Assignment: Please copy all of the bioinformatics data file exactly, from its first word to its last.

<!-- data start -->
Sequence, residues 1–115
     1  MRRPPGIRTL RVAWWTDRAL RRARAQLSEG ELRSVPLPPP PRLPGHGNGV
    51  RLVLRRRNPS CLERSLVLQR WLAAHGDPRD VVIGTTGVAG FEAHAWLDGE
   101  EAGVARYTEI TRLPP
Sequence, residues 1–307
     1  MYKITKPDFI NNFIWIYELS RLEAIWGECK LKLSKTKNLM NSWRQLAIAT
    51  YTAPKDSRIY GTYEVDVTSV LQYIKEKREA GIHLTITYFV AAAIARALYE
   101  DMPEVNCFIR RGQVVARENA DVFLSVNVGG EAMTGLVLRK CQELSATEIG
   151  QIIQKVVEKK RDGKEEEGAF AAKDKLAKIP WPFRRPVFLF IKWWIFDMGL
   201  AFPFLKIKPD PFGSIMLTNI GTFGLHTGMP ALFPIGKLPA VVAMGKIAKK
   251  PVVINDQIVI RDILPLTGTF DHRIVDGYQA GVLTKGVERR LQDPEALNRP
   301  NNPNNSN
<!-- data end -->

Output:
Sequence, residues 1–115
     1  MRRPPGIRTL RVAWWTDRAL RRARAQLSEG ELRSVPLPPP PRLPGHGNGV
    51  RLVLRRRNPS CLERSLVLQR WLAAHGDPRD VVIGTTGVAG FEAHAWLDGE
   101  EAGVARYTEI TRLPP
Sequence, residues 1–307
     1  MYKITKPDFI NNFIWIYELS RLEAIWGECK LKLSKTKNLM NSWRQLAIAT
    51  YTAPKDSRIY GTYEVDVTSV LQYIKEKREA GIHLTITYFV AAAIARALYE
   101  DMPEVNCFIR RGQVVARENA DVFLSVNVGG EAMTGLVLRK CQELSATEIG
   151  QIIQKVVEKK RDGKEEEGAF AAKDKLAKIP WPFRRPVFLF IKWWIFDMGL
   201  AFPFLKIKPD PFGSIMLTNI GTFGLHTGMP ALFPIGKLPA VVAMGKIAKK
   251  PVVINDQIVI RDILPLTGTF DHRIVDGYQA GVLTKGVERR LQDPEALNRP
   301  NNPNNSN